This guide was written prior to Russia's 2022 invasion of Ukraine and is therefore not reflective of the current situation. Travel to Russia is currently not advisable due to the area's volatile political situation.


Despite much debate over the education system in Russia, the country has a high literacy rate. The quality of schooling has improved greatly over time, though it is still far from perfect.

There are public, private and international school options for children of school-going age in Moscow. Most expats choose to send their children to international schools. Expat parents often find that the teaching language and the method of instruction in public and private schools are not ideal for non-Russian children.

Entry requirements into schools may differ, so expats are encouraged to contact the schools directly for more information. In general, expats must provide their visa, the child’s birth certificate and any academic records.

The school year in Moscow follows the Northern Hemisphere pattern, with the longest break being in the summer months. The school week is generally Monday to Friday, from 8am or 9am to 2pm or 3pm.

Generally, there are three stages of schooling: primary school with Grades 1 to 4; basic secondary school from Grades 5 through 9; and upper secondary school which goes up to Grade 12.


Public schools in Moscow

Public school education is free to both Russian and foreign citizens. Parents only pay for meals and school uniforms.

The quality of state schools is debatable, and classrooms tend to have many students. The language of instruction in state schools is mainly Russian. This means, especially for older students who do not speak Russian, this option is often not feasible.


Private schools in Moscow

Private schools are less common than state schools. They provide the same Russian curriculum and teach mainly in Russian, but class sizes are smaller. Private schools are not free but are less expensive than international schools. Due to the language barrier, however, the options for expat education in Moscow remain mostly limited to international schools.


International schools in Moscow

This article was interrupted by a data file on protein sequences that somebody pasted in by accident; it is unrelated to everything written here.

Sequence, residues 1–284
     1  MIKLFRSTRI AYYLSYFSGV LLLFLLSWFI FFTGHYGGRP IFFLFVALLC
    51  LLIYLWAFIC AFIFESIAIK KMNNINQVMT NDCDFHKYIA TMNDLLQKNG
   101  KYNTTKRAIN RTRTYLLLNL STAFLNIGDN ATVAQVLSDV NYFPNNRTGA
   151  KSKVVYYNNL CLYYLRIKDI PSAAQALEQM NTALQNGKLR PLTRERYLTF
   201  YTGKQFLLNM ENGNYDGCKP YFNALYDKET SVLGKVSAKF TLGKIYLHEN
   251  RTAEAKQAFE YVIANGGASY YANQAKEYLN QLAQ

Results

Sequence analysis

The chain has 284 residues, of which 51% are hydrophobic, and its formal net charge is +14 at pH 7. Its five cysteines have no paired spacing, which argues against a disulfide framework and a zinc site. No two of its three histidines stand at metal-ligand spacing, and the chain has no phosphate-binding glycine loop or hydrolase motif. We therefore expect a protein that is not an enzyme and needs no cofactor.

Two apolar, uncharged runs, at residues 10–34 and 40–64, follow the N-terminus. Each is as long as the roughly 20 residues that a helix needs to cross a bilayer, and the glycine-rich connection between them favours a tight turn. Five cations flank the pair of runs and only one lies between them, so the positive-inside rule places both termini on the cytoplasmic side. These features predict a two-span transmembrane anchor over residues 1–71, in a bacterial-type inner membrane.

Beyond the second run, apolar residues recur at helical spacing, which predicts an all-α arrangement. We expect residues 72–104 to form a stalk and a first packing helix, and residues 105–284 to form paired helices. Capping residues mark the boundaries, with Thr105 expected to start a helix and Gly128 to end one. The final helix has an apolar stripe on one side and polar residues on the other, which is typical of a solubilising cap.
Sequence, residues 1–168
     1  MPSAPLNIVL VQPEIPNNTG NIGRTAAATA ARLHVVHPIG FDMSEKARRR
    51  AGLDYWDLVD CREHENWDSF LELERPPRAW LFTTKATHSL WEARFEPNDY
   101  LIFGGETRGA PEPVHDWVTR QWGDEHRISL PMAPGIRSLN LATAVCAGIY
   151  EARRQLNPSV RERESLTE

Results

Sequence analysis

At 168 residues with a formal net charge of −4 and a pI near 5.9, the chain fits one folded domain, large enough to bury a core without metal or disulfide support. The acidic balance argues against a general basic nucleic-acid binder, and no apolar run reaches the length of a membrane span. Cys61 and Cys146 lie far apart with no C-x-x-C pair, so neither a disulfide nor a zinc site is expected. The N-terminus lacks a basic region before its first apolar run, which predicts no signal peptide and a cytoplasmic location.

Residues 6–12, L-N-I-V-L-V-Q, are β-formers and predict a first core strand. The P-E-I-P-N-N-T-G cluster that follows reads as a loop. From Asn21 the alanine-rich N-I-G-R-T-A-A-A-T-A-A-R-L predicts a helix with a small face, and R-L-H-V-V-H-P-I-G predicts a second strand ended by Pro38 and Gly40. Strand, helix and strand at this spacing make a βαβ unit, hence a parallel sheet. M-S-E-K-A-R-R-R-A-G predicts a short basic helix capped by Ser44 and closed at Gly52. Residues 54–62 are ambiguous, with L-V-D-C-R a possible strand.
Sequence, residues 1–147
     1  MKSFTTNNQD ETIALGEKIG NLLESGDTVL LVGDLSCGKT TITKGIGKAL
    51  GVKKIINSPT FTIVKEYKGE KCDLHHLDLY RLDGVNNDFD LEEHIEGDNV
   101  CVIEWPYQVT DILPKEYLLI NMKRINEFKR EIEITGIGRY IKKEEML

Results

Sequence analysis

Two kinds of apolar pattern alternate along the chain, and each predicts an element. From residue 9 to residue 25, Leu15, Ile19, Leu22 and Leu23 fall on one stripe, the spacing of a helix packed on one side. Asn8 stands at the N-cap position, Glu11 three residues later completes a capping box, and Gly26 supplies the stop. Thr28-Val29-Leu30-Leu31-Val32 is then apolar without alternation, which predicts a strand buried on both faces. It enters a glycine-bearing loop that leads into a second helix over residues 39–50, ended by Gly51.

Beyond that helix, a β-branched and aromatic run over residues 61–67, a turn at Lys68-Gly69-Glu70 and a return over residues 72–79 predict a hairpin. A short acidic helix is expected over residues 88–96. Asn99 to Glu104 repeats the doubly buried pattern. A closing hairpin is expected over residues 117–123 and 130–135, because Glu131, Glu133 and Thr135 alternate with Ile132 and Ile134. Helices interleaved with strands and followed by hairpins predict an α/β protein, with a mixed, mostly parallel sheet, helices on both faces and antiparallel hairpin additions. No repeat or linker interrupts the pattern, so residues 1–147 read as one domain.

Most international schools in Moscow are expensive. Curriculum models range from those that follow American or British teaching systems to ones that combine the Russian curriculum with international curricula. Alternatively, some offer the International Baccalaureate. There are several English-language schools to choose from, as well as schools teaching the German, French and Indian curricula.

Demand for the most prestigious schools can be high, and long waiting lists are to be expected. For this reason, expat parents moving to Moscow should attempt to enrol their children as early as possible.


Special-needs education in Moscow

There are limited schooling options for children with disabilities in Moscow. That said, efforts to develop the school system for those with disabilities are being made to avoid excluding these children. International schools are aiming to improve the possible support they could give. Some schools provide interventions including learning support, occupational therapy and speech programmes to enable students with mild to moderate learning disabilities to continue their education.


Homeschooling in Moscow

Homeschooling is becoming more and more common in Moscow, especially in comparison to the rest of the country. Expat parents must follow certain regulations. One such regulation is that they must enrol their child into a licensed school which acts as a supervising body. In some cases, homeschooled children can get access to resource provisions such as books. The school can also act as the exam centre when children must write formal exams.


Tutors in Moscow

Being such a large city, Moscow has many options for finding tutors. Expat parents will find various online platforms and portals through which they can hire a tutor for their child in Moscow. Tutors will be extremely helpful in assisting expat children with learning Russian, adjusting to their new school environment and curriculum, and getting up to speed in classes.

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